Backfire From Germany, joined Oct 2006, 0 posts, RR: 0
Reply 1, posted (12 years 9 months 1 week 1 day 12 hours ago) and read 2985 times:
No, I don't believe it was.
I understand that the airport was named after a City of Austin council representative who died while still in office.
Mueller Airport was closed in May 1999 and replaced by Austin-Bergstrom International Airport. This airport (originally a US military base) was named after Capt John A.E. Bergstrom, a reservist killed in the attack on Pearl Harbour and the first person from Austin to be killed in the Second World War.
In short, I suspect that the Mueller name is coincidental. I'm not even sure whether the current FBI director has much connection with Austin, or even Texas.
LoneStarMike From United States of America, joined Jul 2000, 4021 posts, RR: 31
Reply 5, posted (12 years 9 months 1 week 1 day 2 hours ago) and read 2941 times:
Backfire is correct. This is an excerpt from an article in the Austin Chronicle about the naming of Austin's landmarks:
Robert Mueller, one of four Mueller brothers who each left their mark on 20th-century Austin, was a City Council member (or, back then, a city commissioner) for only a few months in 1926.
Mueller died in office after falling gravely ill while debating the city budget -- of "blood poisoning brought on by hay fever": Allergy sufferers take note. Friends and colleagues, sobered by the knowledge (now sadly forgotten) that long City Council meetings could indeed be fatal, wanted to commemorate his sacrifice. Three years later, they had their chance when Austin's tiny airport opened on the northeast edge of town.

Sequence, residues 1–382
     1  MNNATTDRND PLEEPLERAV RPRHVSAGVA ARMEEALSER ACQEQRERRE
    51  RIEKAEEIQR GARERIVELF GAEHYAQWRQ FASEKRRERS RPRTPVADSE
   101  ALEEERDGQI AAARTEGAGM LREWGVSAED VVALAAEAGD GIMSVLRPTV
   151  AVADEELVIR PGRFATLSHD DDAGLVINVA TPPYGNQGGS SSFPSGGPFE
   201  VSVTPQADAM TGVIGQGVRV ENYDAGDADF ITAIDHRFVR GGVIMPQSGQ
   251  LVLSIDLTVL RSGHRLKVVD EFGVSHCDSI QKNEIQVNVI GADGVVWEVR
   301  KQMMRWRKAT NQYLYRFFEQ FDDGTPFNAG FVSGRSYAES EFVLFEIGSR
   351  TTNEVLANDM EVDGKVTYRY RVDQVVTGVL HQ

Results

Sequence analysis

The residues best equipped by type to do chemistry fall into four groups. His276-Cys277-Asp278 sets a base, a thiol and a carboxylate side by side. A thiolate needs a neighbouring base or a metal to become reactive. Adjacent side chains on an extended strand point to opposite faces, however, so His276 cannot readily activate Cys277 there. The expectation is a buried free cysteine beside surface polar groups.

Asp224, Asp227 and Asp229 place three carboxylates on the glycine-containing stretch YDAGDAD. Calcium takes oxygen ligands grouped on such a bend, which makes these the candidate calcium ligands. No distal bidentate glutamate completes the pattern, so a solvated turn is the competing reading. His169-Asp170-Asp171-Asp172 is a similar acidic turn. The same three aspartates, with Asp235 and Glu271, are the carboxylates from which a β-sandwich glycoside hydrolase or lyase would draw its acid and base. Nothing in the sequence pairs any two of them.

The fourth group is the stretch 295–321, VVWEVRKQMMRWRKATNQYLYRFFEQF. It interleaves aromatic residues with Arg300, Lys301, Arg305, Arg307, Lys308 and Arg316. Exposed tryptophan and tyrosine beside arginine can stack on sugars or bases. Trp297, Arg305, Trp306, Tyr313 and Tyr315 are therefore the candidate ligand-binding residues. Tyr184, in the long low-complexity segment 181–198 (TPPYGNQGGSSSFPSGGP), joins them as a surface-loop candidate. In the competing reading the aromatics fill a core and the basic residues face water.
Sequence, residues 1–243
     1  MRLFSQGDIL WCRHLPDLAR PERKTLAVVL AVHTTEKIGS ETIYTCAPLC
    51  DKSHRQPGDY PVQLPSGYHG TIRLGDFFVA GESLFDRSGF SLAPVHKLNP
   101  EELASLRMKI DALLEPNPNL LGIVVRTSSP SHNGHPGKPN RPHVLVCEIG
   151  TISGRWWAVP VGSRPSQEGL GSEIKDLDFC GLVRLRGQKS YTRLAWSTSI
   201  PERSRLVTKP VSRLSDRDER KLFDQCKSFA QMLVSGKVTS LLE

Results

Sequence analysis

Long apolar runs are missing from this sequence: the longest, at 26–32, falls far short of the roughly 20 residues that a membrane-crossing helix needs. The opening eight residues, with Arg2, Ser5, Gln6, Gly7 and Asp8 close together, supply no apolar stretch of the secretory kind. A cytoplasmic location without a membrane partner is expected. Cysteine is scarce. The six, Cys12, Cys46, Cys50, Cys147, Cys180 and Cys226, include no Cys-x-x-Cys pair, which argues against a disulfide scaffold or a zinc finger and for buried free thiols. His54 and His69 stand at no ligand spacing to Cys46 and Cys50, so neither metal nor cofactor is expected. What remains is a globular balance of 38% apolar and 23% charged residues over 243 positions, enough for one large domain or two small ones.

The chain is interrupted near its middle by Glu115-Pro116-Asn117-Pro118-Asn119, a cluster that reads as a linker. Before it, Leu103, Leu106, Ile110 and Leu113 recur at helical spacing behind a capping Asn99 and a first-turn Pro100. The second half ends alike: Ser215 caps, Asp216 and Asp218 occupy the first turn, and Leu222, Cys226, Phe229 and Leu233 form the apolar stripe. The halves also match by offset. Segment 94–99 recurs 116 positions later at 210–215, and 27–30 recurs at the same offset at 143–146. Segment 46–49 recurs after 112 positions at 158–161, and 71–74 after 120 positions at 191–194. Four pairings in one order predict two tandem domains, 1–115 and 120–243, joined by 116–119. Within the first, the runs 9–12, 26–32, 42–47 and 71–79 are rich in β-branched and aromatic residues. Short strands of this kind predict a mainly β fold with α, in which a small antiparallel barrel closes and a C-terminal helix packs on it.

The article goes on to note that Bergstrom Air Force Base, (Now Austin Bergstrom International Airport) was named for John August Earl Bergstrom, who was the first Austinite killed in World War II, which led to the old Del Valle Army Air Field being rechristened in his honor.
KAUSpilot From United States of America, joined Jan 2002, 1970 posts, RR: 31
Reply 6, posted (12 years 9 months 1 week 1 day 2 hours ago) and read 2938 times:
Yes, if you're on approach to 17L or R you'll likely fly almost directly over Mueller. Mueller is still more visible in the distance during the day than bergstrom due to the configuration of the runways, but it's being slowly dismantled and is definitely 100% closed.
Jsnww81 From United States of America, joined Jan 2002, 2210 posts, RR: 15
Reply 7, posted (12 years 9 months 1 week 23 hours ago) and read 2912 times:
I landed on 17L at Bergstrom back in August and Mueller was visible to the right as we came in to land. The control tower (which was very swoopy-looking and 1960s modern) was still standing, but the concourse pier had been demolished. The runways were still intact... although it's interesting that after three years of non-use, the tire marks in each touchdown zone were almost completely faded away.